With rapid digitization and expanding technological horizons all around us, we often associate “technology” with sophisticated devices we use but do not understand, and “law and tech” with complicated rules that elude comprehension. But, as Laura Bingham, executive director of Temple’s newly launched Institute for Law, Innovation & Technology (iLIT), explains, the future relationship between technology and society defies prediction, and now is the time for active engagement with the bigger social and political questions at hand in the regulation of data and technology.
“I want our students to learn that the law in this field can be created with a mission, and that they are participants in that process,” said Bingham. “And I want them to think about who else should be in the room with them. As new technologies and the industries that create them have grown more complex and inscrutable, we should never lose sight of the fundamental ties and commitments in society, including social justice, human rights, accountability, and the rule of law. Emerging leaders and today’s decisionmakers need those touchstones, as they have in past eras of technological advancement.”
For Temple Law students, the newly launched Institute for Law, Innovation & Technology (iLIT) provides the space and opportunity to put their collective and individual mark on what the future of technology looks like. Created as a collaborative hub, iLIT’s mission is twofold: to ensure that approaches to technological innovation in the public interest are informed by critical perspectives bridging academic and practical borders, and to drive global equity in technology fields, serving as a launching point for students from underrepresented groups and other systemically marginalized people in technology fields.
The Institute directly creates opportunities for students to build skills and networks through work study positions, practicum courses, collaborative projects, and clinical education programs. Through its rigorous curriculum, programming, and experiential learning opportunities, students will graduate with the capacity to engage in critical thought and critical technical practice at the intersection of technology and society. iLIT’s work will also be a source of strategic advice and support for other university centers, civil society, industry, and government on accountability trends applicable to technological innovation, and translating ethically responsible research into concrete policy and regulatory impact.
Much of this impact comes directly through student work. The students, called iLIT Fellows, will “fuse their life experiences, interests, and knowledge of other fields with new questions that they want to use their legal training to address — questions about how technology shapes our lives, shapes our futures, and can contribute to more just and equal societies,” said Bingham. “The intellectual space and support that these opportunities offer, in short, encapsulate what we are working every day to achieve with iLIT.”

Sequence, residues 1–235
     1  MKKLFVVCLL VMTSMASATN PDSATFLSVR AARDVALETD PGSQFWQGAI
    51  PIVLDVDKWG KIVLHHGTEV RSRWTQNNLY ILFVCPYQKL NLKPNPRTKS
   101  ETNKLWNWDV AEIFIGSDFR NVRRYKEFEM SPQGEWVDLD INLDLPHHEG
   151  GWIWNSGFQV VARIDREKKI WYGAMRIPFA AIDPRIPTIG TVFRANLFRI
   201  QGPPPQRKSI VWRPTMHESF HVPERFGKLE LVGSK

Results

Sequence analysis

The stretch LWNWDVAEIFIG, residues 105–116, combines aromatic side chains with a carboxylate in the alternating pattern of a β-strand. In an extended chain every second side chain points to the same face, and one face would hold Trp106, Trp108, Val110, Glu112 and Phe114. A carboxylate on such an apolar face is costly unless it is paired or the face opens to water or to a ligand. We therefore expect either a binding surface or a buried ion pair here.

For iLIT Fellow Sarbjot Dillon LAW ’23, this means working to address issues with a public interest approach. “With the rise of AI, we believe there should be greater focus on the human rights harms that can occur when these new technologies are implemented without proper regulation, oversight, or review,” she said.
Together, iLIT fellows tackle a variety of concerns, from cyberthreats to AI tools being used in loan applications and by police departments. They approach their work by centering transparency and asking tough questions of emerging technologies.
“What are the effective, ethical uses of AI and how much is too much?” asked Ed DeLuca LAW ‘23. “How do we know these technologies even work?” DeLuca and other iLIT Fellows researched and wrote a public comment jointly with the New York University School of Law’s Digital Welfare State program that was submitted to the White House Office of Science and Technology Policy. The submission recommends creating binding regulations to address the social, economic, and political impacts of AI-based biometric identification technologies such as facial recognition and fingerprint matching tools.
Jessie Hemmons LAW ‘24 centered her research around the volume and content of data being collected on individuals, particularly through apps, such as health apps, that might capture weight, blood-sugar levels, or menstrual cycles, for example. “That data is not covered by HIPPA (the Health Information Personal Protection Act) and is not privacy-protected,” she said. “At what point are we going to start regulating the sale of that data?” she asked.
In addition to the cohorts of iLIT Fellows, Temple Law, through a generous gift from InterDigital Foundation, announced the creation of the William J. Merritt Student Fellowship. The Fellowship, established in honor of Bill Merritt LAW ‘87, provides financial and mentorship support for Temple Law students to write about self-selected research topics that explore technology’s impact on society.
As iLIT finds itself in the midst of its first official Fall semester, there’s no shortage of upcoming programming. In October, iLIT will host a conference to provide diverse insights, direct advising, and unique engagement opportunities for students and early career professionals to learn about pathways to leadership at the forefront of this complex and growing field. In November, iLIT and the Temple Law Review will host a joint symposium, Sovereign Identity Crisis, which will examine competing priorities, promises, and players in emerging governing agendas for the future of technology.
Learn more about iLIT here.